A heaping helping of spinach not only provides a healthy dose of vitamin A and C, folate, iron and calcium, but may also boost your immune system and contribute to healthy skin. The nutritional value of a spinach salad depends on which ingredients you add to it and what you dress it with. When you build your salad with fresh, healthy ingredients and go light on the dressing, a spinach salad becomes a powerhouse of nutrients beneficial to your health and your waistline.
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Cranberry Spinach Salad
When you pair spinach and fruit, you enhance the flavor and the nutrition of your salad. Dress up a spinach salad with 1 tablespoon of dried cranberries, 2 tablespoons of chopped pecans and 1 ounce of Gorgonzola cheese; drizzle lightly with balsamic vinaigrette. The cranberries add vitamin C and potassium, while the pecans and cheese bump up the protein and calcium content. Opt for low-fat blue cheese to keep saturated fat to a minimum; the majority of the fat in this dish comes from unsaturated sources. This salad provides roughly 295 calories, 6 grams protein and 25 grams of fat.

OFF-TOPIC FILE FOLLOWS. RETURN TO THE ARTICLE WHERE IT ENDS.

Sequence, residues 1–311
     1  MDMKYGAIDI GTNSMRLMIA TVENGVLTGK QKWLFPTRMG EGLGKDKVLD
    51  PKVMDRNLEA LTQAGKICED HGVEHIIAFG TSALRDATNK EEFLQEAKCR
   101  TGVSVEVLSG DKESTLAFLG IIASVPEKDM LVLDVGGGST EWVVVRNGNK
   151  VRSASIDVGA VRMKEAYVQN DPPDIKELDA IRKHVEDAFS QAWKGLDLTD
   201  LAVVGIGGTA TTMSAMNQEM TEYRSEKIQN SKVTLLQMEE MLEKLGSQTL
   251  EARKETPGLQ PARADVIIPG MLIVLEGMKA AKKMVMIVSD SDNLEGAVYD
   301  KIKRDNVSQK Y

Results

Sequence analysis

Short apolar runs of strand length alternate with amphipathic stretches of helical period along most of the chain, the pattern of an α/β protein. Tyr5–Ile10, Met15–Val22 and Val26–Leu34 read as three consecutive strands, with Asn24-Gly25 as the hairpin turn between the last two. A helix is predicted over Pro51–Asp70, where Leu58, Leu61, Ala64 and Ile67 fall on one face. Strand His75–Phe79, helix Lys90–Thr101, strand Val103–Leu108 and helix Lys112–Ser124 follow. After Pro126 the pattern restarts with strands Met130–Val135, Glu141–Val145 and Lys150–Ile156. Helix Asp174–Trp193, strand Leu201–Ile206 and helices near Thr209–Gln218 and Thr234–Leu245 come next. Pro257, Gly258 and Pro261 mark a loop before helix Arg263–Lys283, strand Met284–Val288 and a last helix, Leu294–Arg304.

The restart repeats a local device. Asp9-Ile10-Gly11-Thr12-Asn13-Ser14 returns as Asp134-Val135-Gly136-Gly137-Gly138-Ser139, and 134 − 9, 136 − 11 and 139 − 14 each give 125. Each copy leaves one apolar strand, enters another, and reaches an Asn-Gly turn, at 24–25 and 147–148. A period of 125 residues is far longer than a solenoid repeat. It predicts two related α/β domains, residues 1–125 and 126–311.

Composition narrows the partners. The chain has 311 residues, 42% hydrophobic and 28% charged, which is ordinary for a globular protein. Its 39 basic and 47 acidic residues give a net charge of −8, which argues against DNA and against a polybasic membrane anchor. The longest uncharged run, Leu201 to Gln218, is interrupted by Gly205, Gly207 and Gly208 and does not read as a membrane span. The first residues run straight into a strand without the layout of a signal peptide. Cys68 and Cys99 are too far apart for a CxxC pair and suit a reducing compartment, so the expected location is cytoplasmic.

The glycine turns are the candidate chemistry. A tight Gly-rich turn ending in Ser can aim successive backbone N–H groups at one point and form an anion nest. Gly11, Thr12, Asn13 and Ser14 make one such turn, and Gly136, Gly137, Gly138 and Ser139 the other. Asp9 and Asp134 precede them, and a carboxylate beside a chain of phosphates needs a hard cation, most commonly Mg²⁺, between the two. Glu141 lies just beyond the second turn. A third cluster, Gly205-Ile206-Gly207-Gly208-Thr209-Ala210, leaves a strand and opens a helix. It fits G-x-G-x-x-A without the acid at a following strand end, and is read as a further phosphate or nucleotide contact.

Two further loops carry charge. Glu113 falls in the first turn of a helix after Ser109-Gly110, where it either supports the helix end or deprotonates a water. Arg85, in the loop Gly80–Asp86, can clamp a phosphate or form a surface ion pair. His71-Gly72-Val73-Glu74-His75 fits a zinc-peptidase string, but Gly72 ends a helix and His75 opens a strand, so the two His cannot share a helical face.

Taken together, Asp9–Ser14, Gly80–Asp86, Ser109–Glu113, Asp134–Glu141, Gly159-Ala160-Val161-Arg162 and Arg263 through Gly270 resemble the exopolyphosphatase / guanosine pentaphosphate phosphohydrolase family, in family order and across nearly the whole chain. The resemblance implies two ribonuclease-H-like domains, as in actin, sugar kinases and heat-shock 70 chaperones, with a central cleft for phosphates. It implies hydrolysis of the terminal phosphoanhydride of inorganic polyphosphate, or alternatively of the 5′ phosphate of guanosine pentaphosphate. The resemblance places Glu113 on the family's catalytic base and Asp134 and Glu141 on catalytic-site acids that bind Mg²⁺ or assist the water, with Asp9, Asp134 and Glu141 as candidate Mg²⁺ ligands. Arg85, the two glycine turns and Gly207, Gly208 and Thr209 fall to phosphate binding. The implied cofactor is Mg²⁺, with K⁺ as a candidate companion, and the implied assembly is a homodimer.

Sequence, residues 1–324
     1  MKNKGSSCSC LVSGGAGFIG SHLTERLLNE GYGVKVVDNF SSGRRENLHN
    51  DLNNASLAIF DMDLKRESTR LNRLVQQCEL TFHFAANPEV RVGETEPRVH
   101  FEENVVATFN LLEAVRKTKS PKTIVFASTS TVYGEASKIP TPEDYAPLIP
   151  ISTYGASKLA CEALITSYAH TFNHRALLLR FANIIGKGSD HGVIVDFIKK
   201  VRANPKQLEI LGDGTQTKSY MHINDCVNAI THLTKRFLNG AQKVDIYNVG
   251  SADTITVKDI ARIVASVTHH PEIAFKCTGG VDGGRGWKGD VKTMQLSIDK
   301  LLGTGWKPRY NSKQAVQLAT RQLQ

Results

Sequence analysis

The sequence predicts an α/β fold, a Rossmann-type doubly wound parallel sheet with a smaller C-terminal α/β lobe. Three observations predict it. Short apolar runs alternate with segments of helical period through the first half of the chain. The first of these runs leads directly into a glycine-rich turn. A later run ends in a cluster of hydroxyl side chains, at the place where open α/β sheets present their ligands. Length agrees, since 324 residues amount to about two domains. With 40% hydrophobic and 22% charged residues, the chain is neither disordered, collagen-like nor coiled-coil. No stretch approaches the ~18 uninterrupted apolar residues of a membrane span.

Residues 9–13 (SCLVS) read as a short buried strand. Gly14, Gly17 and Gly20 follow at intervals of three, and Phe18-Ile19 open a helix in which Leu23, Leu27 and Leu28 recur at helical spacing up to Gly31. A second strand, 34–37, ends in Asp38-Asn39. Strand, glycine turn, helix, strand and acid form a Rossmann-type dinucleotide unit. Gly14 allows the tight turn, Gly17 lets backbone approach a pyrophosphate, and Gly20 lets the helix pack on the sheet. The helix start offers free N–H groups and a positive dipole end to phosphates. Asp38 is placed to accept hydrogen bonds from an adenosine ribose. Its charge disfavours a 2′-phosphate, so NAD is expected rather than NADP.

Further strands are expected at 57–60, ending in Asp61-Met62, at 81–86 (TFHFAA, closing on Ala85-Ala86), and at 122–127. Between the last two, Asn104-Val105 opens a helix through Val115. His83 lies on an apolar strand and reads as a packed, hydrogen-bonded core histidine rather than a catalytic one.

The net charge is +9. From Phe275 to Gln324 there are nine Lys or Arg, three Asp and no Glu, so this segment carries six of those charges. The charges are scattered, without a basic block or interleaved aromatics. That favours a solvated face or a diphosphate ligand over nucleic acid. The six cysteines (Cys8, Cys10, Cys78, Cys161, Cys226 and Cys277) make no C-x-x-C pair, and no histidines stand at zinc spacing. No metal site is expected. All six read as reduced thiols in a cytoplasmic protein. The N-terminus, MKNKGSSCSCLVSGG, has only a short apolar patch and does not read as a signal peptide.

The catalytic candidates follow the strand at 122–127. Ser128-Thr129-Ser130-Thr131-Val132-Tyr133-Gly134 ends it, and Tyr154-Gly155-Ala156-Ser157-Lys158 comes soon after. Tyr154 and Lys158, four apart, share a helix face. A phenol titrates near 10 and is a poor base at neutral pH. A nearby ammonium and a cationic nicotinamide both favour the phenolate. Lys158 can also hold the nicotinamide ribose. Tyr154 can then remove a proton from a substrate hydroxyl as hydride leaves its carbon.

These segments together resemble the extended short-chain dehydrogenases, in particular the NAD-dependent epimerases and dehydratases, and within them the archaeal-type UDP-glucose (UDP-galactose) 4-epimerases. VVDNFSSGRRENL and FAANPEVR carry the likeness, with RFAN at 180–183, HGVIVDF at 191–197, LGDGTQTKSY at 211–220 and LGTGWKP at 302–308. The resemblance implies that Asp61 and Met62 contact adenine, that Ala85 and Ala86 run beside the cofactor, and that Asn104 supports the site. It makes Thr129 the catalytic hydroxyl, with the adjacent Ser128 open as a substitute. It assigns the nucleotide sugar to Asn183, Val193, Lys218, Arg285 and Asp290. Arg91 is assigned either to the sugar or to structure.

Wilted Spinach Salad
The American Diabetes Association provides a recipe that combines wilted spinach with red onion, sea salt, pepper, a minute amount of sugar, one slice of bacon, red wine vinegar and avocado oil. Since the recipe serves seven, the bacon and sugar content per portion is very low. One cup provides 50 calories, 4.5 grams of fat and 1 gram protein, and is cholesterol-free.
Build Your Own
Top spinach with a variety of vegetables to add nutrients without piling on the calories. Add bell pepper strips, chopped broccoli, julienned carrots, mushrooms and diced tomato to bump up the vitamin C, vitamin A, fiber and potassium content. Add 1 cup of a variety of raw vegetables to 1 cup of spinach leaves for a salad that comes in under 100 calories. Top with 2 tablespoons of raspberry vinaigrette for an additional 80 calories.
One cup of spinach provides only 7 calories, but contains a bounty of nutrients. You get .86 grams of protein, .7 grans fiber, .81 milligrams of iron, 167 milligrams potassium, 30 milligrams calcium, 8.4 milligrams vitamin C, 58 micrograms folate and 2,813 international units vitamin A per cup. Limit dressings and cheese toppings that are high in saturated or trans fat, opting for vinegar and oil-based dressings with hints of nut or fruit to complement the spinach flavor.